Before I say anything negative about Glenn Beck, the erratic conservative Fox news commentator, let me give credit where it’s due: it is nothing short of remarkable that Beck manages to mobilize his viewers by standing in front of a black board and lecturing on the meaning of social justice and American political and economic history. After all, the American left has long ago abandoned those terms and much of those debates, concluding that it was a lost cause to rehash the accomplishments of the progressive era and the New Deal. So in a grudging way, I admire Beck’s audacity for sticking his hands into the murky mire of history and trying to connect big social ideas.
That he has it all wrong is besides the point. My real concern, and the question I would like to pose to others, is whether academics should be trying to constructively engage with Beck, or even Fox news.
Last week the American Political Science Association and the American Sociological Association sent letters to Beck and Fox news urging them to tone down their rhetoric, especially Beck’s ongoing rant against CUNY Professor Frances Fox Piven. Beck has repeatedly identified Piven as being part of a conspiracy to destabilize the American economy — a claim made on the basis of her writings in the 1960s calling for greater political organization among poor welfare recipients. Coming more than 30 years later, and after welfare reform, Beck’s claim feels a little bit like wagging the dog (but nevermind that).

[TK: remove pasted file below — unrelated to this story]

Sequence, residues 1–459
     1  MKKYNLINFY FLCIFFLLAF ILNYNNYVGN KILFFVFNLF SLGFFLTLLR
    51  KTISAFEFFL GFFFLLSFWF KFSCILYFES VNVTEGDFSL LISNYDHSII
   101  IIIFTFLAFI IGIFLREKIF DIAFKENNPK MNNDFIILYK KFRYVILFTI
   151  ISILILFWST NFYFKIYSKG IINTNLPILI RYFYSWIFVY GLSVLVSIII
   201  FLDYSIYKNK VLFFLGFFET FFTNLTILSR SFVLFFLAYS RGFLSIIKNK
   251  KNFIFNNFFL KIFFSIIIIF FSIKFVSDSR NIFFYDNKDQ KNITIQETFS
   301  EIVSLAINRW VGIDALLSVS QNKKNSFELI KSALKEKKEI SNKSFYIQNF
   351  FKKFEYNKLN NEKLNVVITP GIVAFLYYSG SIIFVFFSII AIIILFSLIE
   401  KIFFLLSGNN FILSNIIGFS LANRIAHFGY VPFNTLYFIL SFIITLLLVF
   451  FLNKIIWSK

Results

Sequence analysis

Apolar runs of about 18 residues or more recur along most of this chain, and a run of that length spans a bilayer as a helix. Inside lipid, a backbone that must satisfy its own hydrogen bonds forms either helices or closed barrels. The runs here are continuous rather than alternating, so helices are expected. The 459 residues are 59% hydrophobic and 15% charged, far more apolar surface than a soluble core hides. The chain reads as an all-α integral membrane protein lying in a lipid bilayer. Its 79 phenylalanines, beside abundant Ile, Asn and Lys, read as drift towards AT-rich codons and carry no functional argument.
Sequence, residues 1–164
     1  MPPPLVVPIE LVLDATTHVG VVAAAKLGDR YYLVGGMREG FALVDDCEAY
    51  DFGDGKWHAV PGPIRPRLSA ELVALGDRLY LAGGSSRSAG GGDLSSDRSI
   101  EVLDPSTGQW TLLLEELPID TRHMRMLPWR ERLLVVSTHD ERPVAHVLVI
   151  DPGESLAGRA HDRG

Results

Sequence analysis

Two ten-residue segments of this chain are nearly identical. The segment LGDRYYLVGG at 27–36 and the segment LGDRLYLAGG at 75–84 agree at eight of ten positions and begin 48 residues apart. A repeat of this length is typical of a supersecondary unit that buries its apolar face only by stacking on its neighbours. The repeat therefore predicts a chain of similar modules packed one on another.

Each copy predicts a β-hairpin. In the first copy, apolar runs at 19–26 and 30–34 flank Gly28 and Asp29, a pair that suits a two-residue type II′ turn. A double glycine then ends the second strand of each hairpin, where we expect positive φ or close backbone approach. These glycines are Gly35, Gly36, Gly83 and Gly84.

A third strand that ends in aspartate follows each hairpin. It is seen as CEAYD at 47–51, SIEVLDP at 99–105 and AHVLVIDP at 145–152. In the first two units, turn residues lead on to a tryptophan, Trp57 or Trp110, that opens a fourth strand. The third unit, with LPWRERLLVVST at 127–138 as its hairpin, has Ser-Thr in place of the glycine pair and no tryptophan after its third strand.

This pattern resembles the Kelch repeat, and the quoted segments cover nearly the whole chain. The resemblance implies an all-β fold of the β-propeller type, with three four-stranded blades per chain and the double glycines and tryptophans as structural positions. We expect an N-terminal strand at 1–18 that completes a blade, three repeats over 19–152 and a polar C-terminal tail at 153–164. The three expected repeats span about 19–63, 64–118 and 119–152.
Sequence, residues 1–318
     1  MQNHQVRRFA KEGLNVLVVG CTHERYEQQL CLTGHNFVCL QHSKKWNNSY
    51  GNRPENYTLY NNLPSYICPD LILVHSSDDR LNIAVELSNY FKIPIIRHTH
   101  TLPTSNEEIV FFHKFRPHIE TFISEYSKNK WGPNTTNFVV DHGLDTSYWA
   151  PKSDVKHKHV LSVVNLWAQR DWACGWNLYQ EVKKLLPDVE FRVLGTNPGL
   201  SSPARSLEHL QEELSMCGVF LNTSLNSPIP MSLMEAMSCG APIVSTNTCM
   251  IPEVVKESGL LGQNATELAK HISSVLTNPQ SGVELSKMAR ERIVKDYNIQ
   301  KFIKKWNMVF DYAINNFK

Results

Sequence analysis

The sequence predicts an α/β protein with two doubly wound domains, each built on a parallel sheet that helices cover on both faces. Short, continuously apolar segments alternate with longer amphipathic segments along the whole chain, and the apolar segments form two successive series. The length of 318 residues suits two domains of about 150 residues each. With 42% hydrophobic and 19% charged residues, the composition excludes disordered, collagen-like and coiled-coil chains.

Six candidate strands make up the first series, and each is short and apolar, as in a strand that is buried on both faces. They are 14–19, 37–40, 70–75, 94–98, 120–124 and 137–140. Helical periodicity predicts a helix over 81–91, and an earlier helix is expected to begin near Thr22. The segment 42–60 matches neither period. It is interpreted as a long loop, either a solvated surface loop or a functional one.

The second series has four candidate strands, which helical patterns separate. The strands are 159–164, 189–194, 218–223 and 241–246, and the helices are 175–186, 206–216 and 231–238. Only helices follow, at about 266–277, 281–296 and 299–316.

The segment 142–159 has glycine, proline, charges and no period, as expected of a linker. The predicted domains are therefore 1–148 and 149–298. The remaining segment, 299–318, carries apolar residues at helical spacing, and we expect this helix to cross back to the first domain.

My first reaction was why bother confronting Beck? If he wants to take on Piven, Cass Sunstein, or any other scholar on the left, the allegation is only going to get traction if he gets a response from the “liberal” academic establishment. It will be just another case of the eggheads trying to silence the not-so silent minority. That fits Beck’s narrative very well indeed. Beck is not going to stop making veiled threats on the air, and his viewers are not going to stop making not-so veiled threats on his blog (says one of his readers: “The only redistribution I am interested in is that of a precious metal…. LEAD“).
By feeding into Beck hysteria, progressive academics arguably leave themselves open to a media battle they cannot win. Fox news has developed a very sophisticated attack machine that has become adept at twisting words or outright lying. Responding with reasoned facts and analysis is not likely to succeed, and is more likely to undermine whatever incipient efforts are underway on the left to join empirical analysis with progressive politics. As researchers our first responsibility is to the truth, but it is also important to find ways to explain what we understand to be the truth to all members of society, including Fox’s core viewership. Engaging with Fox provides them with an opportunity to take control of that narrative before academic researchers have a chance to adequately explain it themselves.
On the other hand, leaving Beck’s criticism of Piven unanswered might set a dangerous precedent. Elements of the professional rightwing (I take pains to emphasize that there are many moderate conservatives that scorn these tactics) have made it an objective to intimidate and shout-down scholars on the leftwing. In a related effort, the right fringe of Congress has tried to politicize the academic research process by threatening to defund any research on social policy or politics: the alternative proposed by Senator Tom Coburn: “just watch Fox news.”
So there is a genuine dilemma: ignore Beck and Fox news and risk having the entire enterprise of objective research pulled away like a dirty rug, engage with Fox news through criticism and dialogue and risk having the message become distorted. What is needed, but not forthcoming, are rules of the road: a general code of conduct that Fox and the other media giants agree to abide by. Any organization that wants to be considered credible news obviously has an obligation to not threaten or intimidate private citizens, but they also have an obligation to give a fair and balanced hearing to both sides of the issue. Or at least not to lie about what the other half is saying.